Doggy Dan (19:34):

So a lot of this from what you're saying is about remaining the one that's making the decisions and kind of guiding the dog. Is that a fair summary?

Nigel Reed (19:45):

Yeah. And the decisions don't start, like I was saying, with the emotional Jenga analogy. It never starts off in the scenario you are. So I'm sure you'll agree with this. People don't call us for the problems that dogs have. People call us for the problems that dogs give them.

Doggy Dan (20:02):


Nigel Reed (20:02):

And as a result, they miss all the little things where they either label behavior as either good or bad, desirable or undesirable, but I'm never looking at behavior purely just as good or bad. I'm looking at what the motivations of the behavior are. So what's the motivations of a man staring in a shop window, well, he may be just looking at the stuff, or he may be scoping the place out to rob the place. Now the former example is no cause for concern, the latter one is.

Nigel Reed (20:31):

So when my dog is doing anything, I try and then figure out what need it’s trying to do. And even if the behavior looks acceptable, I go, no, no, I can see the motivation there. So then again, once you identify the motivations of behavior, you're so much further on in a process of understanding your dog than what you would be, if you just label behavior as good or bad, and then either address or don't address it.

Doggy Dan (20:54):

Yeah. I think that's a big, big point there that I often say to people, that as dog owners, we don't seem to recognize when our dogs are becoming stressed until they're so stressed, that they're actually over reactive. Talk about a scale of one to 10, where 10 is a dog in the red zone, stressed out, and one is a dog who's fast asleep.

Nigel Reed (21:15):

Yeah. I got to say the same thing. Yeah.

Doggy Dan (21:18):

And I say to people, you shouldn't really be moving past that kind of, if your dog's at level five, turn around and move the dog out of that situation. But people don't seem to realize until the dogs, what I would say is about an eight, they can't spot the signals that the dog is actually stressed. So yeah. I fully agree. We need to wind it back and. But a better understanding of the dog's behavior, and kind of leads me into can you give us an idea of the happy dog, what the happy dog looks like, maybe compared to the unwanted behaviors or the unwanted actions that people don't seem to be able to spot. Is that something you could share with us a little, do you know what I'm saying?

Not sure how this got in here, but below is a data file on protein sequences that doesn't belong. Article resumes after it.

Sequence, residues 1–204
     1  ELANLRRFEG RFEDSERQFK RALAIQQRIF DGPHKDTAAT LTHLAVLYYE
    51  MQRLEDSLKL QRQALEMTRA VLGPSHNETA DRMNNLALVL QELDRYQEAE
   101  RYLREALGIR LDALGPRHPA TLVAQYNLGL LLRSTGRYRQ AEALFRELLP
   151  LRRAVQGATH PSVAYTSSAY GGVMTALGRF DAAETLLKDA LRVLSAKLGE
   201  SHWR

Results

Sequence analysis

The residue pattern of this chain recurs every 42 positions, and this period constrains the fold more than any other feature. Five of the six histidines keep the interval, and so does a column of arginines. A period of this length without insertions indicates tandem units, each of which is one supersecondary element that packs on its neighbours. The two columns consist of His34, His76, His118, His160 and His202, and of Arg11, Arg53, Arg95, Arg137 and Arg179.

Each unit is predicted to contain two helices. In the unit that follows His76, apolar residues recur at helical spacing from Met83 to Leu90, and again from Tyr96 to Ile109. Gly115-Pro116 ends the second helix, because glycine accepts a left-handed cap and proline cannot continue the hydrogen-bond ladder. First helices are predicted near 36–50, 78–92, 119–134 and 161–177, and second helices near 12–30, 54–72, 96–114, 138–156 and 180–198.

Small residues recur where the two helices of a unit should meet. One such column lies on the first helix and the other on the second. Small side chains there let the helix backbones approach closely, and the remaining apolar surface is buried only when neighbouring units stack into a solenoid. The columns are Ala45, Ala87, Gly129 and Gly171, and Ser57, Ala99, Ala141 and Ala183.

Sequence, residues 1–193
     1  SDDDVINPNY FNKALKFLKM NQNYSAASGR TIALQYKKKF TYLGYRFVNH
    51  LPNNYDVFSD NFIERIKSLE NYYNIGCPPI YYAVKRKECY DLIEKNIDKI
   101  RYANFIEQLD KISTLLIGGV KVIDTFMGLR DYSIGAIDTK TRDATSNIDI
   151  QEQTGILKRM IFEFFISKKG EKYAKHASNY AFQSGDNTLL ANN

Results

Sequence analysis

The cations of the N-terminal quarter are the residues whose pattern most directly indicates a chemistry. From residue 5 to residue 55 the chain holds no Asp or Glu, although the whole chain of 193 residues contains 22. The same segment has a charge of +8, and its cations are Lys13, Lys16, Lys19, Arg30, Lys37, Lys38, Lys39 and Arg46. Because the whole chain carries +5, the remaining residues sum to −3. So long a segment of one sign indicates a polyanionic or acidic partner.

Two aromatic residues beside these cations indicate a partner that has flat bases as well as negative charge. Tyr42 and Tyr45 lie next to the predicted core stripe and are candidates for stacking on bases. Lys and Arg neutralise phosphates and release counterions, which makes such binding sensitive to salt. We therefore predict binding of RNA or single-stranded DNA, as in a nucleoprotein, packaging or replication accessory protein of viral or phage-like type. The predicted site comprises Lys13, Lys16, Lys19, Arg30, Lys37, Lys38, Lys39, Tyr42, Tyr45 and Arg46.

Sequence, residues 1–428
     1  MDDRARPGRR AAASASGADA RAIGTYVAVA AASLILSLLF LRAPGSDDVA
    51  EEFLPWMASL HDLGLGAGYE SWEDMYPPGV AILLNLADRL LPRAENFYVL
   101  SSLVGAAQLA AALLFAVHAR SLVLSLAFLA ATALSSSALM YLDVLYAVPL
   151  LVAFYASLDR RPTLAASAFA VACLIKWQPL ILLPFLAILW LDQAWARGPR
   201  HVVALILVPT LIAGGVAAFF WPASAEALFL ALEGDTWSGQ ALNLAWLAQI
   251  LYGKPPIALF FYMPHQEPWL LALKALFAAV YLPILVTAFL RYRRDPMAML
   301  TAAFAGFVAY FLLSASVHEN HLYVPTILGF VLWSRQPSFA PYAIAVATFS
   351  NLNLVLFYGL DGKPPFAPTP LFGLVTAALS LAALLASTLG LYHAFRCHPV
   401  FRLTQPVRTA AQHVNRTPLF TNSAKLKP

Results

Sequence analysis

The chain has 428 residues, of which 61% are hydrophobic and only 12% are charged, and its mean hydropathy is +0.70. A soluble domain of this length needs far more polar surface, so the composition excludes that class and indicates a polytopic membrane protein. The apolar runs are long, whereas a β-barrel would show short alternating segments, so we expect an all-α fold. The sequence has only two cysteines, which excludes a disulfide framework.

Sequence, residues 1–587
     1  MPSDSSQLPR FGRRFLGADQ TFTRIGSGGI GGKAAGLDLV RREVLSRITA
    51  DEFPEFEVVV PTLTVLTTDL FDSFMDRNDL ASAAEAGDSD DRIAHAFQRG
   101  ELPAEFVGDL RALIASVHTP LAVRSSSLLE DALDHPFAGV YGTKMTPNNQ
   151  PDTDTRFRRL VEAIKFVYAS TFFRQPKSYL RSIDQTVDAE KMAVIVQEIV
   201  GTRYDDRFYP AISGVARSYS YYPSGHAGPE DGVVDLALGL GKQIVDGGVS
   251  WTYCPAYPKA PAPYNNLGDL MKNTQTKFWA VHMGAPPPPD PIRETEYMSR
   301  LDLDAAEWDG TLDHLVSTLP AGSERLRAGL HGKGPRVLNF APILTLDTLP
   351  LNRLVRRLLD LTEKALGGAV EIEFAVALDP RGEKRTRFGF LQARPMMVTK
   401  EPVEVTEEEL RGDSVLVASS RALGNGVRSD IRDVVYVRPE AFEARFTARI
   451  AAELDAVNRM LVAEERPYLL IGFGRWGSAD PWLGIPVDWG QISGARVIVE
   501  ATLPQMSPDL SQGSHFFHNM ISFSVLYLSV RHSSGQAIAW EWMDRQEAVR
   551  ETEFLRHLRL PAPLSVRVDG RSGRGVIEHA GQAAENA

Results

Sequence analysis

Nigel Reed (22:01):

Yeah. I'd say one of the mistakes people make a lot of the time is an assertive dog, which is actually standing up for itself slightly when it comes to play and it won't back off. I'm not always sure that's the happy dog. So that dog can look very similar in a scenario where it actually is happy. It's really hard to tell. But one needs to know a little bit of context in a situation. And I've seen so many dogs run up to the other dog and be a bit assertive over the dog and then get into play and then run and do the next one. And the person would say the word, I hate this word. It's always just saying, hello, and it's that word, just. And I think that we should never say that word in the dog world. It's never, just.

Nigel Reed (22:45):

So a happy dog really is a dog with no responsibilities. You go for a walk. The dog is walking on a loose lead. It stops when you stop. It speeds up when you speed up. And it turns when you turn. A happy dog is someone who's content in the environment, no matter what happens in the environment, be that fireworks start going off, or someone knocks on the door and the dog barks to alert you the decision maker, the security provider, and you go and deal with it. And they feel instantly reassured because you've proven to them so many times in the past that you're there and you've got their back.

Nigel Reed (23:21):

A happy dog is a dog that's calm and asleep. And it's not constantly trying to maneuver you all the time. We've got a program called Supernanny where children just don't stop moving and they're always on, and giving the parents commands and telling them what to do, and they're not happy underneath it all. And a dog is doing a version of that. So, yeah. That's why I would say a dog that eats all his food, a dog that understands you take care of danger, a dog that comes back when you call them, is relaxed on lead and plays with other dogs, and a dog that doesn't constantly try and pester or maneuver you.

Doggy Dan (23:55):

Yeah. I mean, you've touched into something big there with the Supernanny. I've actually written a book called What the Dogs Taught Me About Being a Parent.

Nigel Reed (24:02):

Oh, wow.

Doggy Dan (24:03):

Because there's so many similarities. I often think of poor little dogs, I say Chihuahuas, just because they do… I don’t know, I've seen more Chihuahuas who seem so stressed out, stuck in handbags, barking and squeaking, and I'm generalizing here, but there's a lot of little Chihuahuas, I've been to people's houses, they're racing up and down. They're barking out the windows, they're chasing their tails, they're constantly on the go. And because they're little Chihuahuas they get away with it, if it was a German Shepherd people would be like, there's something wrong with them.

Nigel Reed (24:34):

Yeah. 100%. At one point in my career, I can honestly say, I've never seen a happy Chihuahua. And I could say that for like 14 years, but then I did meet one. So I can't say it anymore.

Doggy Dan (24:47):

It breaks my heart. I hear you. I totally hear you.